Parapolybia


Parapolybia, sometimes known as the lesser paper wasps, are similar to Polistes on first glance, but are noticeably more slender in body and the abdomen is joined to the thorax by a long, slightly curved petiole. Following a recent review of the Parapolybia indica species group, which now comprises of nine valid species*1, there are 13 species of Parapolybia altogether. Species of Parapolybia can be quite difficult to differentiate from each other and show great geographical variance in different localities. Fortunately, Hong Kong's three species (Parapolybia indica, Parapolybia nodosa and Parapolybia varia) are distinct from each other in appearance and thus easier to identify.

In Hong Kong, Parapolybia nodosa and Parapolybia varia are the most common social wasps, among with Vespa bicolor, and can be found in virtually anywhere. Parapolybia indica is also common but tends to appear mostly in parks and rural areas.

Parapolybia nests start small, but can grow to magnificent sizes if the location and weather are favourable and the colony strong. They generally have a more vertical orientation than nests of Polistes. Some large nests can take on rather unique shapes. At its peak, such a nest can contain hundreds of individuals. However, most nests are usually smaller.

Parapolybia are extremely adaptable species. In Hong Kong, they are very common in urban areas and frequently build nests in and around old buildings, outside apartment windows, hanging from air-conditioning units, and sometimes even indoors. In more natural surroundings, they build nests in bushes, often not very high, and are common in urban parks. Not surprisingly, gardeners are often stung by them.

Parapolybia are not choosy over choice of prey. Usually I see them catching winged breeder termites, small flies, small caterpillars and other similar insects. They are also quite fond of carrion, and will scrape out the meat from dead insects or even snails; unlike most hornets, they will take meat or carcasses which have been exposed and are starting to rot. They will also attempt to collect our food, and even hang around garbage.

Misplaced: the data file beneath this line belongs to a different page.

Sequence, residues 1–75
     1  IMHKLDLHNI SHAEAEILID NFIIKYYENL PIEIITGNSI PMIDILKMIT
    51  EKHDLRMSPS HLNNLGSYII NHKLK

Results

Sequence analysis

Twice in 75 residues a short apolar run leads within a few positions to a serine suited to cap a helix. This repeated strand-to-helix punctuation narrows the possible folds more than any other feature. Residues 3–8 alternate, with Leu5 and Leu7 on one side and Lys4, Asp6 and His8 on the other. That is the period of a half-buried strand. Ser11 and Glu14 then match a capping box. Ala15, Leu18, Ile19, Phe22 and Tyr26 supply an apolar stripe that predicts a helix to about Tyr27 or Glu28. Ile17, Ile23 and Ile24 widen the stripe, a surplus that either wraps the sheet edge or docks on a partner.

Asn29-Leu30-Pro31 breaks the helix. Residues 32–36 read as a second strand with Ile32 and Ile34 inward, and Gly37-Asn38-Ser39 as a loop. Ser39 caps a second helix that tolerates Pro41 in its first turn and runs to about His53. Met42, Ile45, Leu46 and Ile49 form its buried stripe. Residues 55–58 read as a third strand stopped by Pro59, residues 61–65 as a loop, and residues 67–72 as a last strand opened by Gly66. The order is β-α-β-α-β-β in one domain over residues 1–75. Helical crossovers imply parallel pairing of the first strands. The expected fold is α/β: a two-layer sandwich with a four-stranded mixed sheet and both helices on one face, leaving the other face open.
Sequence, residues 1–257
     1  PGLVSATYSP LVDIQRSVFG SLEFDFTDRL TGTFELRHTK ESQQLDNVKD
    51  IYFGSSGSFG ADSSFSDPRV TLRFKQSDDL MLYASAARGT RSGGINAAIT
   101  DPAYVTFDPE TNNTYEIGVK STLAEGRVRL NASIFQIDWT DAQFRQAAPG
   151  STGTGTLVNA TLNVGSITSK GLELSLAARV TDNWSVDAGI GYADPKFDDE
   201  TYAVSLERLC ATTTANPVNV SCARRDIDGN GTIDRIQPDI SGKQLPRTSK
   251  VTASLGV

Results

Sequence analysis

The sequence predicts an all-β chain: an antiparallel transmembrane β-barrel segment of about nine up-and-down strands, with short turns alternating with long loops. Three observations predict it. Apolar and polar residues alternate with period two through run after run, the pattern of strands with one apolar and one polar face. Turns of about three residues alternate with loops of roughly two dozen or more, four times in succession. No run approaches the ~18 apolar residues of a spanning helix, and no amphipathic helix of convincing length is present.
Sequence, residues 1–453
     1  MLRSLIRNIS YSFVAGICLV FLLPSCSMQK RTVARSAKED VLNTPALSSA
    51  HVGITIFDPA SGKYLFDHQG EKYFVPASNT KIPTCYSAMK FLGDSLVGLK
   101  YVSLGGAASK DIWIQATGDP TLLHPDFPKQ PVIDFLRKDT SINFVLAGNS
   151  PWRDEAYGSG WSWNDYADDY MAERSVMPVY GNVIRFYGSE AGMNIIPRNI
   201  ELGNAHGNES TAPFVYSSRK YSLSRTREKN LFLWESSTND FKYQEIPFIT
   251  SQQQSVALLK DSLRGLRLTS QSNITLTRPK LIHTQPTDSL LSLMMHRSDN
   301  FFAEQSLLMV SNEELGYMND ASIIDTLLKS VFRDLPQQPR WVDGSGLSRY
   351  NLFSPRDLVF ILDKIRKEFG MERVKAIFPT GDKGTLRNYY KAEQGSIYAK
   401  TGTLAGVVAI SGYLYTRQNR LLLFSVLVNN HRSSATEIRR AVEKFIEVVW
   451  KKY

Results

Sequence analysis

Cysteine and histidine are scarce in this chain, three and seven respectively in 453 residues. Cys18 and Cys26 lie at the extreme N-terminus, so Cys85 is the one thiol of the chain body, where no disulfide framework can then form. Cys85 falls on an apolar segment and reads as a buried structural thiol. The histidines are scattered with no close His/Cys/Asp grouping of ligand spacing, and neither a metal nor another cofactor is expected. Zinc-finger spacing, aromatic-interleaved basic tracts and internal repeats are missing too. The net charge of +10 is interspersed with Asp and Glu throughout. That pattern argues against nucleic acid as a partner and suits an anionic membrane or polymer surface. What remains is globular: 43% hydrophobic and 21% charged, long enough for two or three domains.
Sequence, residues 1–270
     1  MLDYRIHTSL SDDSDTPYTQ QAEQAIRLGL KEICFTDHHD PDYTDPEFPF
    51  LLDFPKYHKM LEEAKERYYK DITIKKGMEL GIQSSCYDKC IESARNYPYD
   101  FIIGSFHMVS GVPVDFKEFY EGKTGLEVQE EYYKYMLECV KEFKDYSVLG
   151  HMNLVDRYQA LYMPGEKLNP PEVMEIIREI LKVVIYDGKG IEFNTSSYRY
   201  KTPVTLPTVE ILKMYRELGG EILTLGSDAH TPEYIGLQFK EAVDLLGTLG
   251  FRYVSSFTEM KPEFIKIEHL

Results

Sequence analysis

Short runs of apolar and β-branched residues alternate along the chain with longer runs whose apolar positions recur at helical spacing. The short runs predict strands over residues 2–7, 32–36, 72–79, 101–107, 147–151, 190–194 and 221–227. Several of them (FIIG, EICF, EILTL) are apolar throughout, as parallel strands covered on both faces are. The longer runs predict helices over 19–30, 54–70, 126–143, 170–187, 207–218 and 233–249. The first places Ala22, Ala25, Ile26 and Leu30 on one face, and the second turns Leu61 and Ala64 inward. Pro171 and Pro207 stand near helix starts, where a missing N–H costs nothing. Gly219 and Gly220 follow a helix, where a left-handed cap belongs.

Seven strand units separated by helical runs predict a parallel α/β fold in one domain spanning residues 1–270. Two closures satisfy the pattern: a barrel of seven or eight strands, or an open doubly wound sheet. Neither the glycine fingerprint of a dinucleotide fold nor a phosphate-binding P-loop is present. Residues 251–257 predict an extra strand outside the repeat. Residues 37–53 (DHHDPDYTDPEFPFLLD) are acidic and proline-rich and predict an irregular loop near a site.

Parapolybia generally tolerate people moving around their nests, and are easy to approach. I have positioned my lens merely inches from the nest while photographing them, and they were not even alarmed. However, they are sensitive to vibrations to the nest or sudden movements nearby. If disturbed, they will fly out in a swarm and some of the workers will sting any moving object they catch sight of, but their defended radius is very small, generally within a meter of the nest, and seldom give chase for long. However, if the nest is subjected to continuous disturbance, the workers may give chase over much longer distances and do not stop till they land one sting on the intruder. I recall, many years ago, accidentally disturbing a nest that had been built on a fence which I was leaning against. Five workers flew forward, and I took off immediately, running for my life. Four of them lost interest, but one of them just would not let me off; I ran over a distance of almost three football fields, and when I stopped, exhausted and out of breath, a tiny missile crashed into my forehead and stung me just above my eyebrow! It is amusing to recall the vengeance of this little wasp. She pursued me over such a great distance, just to land one good , proper sting. The sting of these wasps can be quite painful if you are not used to wasp stings and have no standards for comparison. I am fairly tolerant to the venom of Parapolybia nodosa and Parapolybia varia, and a sting nowadays feels just slightly more painful than an ant bite to me. From personal experience, I can say that of the three species in Hong Kong, Parapolybia indica is somewhat more defensive and quick to react to movement near the nest, and has a much more painful sting than the other two species.

The three species described here are variously distributed across Japan, Taiwan, China (including Hong Kong), India and elsewhere in Asia. Parapolybia varia is even found in Papua New Guinea. I have also collected Parapolybia varia in Singapore.

*1 Saito-Morooka, F, Nguyen, L.T.P. & Kojima, J-I. 2015: Review of the paper wasps of the Parapolybia indica species-group (Hymenoptera: Vespidae, Polistinae) in eastern parts of Asia. Zootaxa 3947 (2): 215235. doi: 10.11646/zootaxa.3947.2.5.


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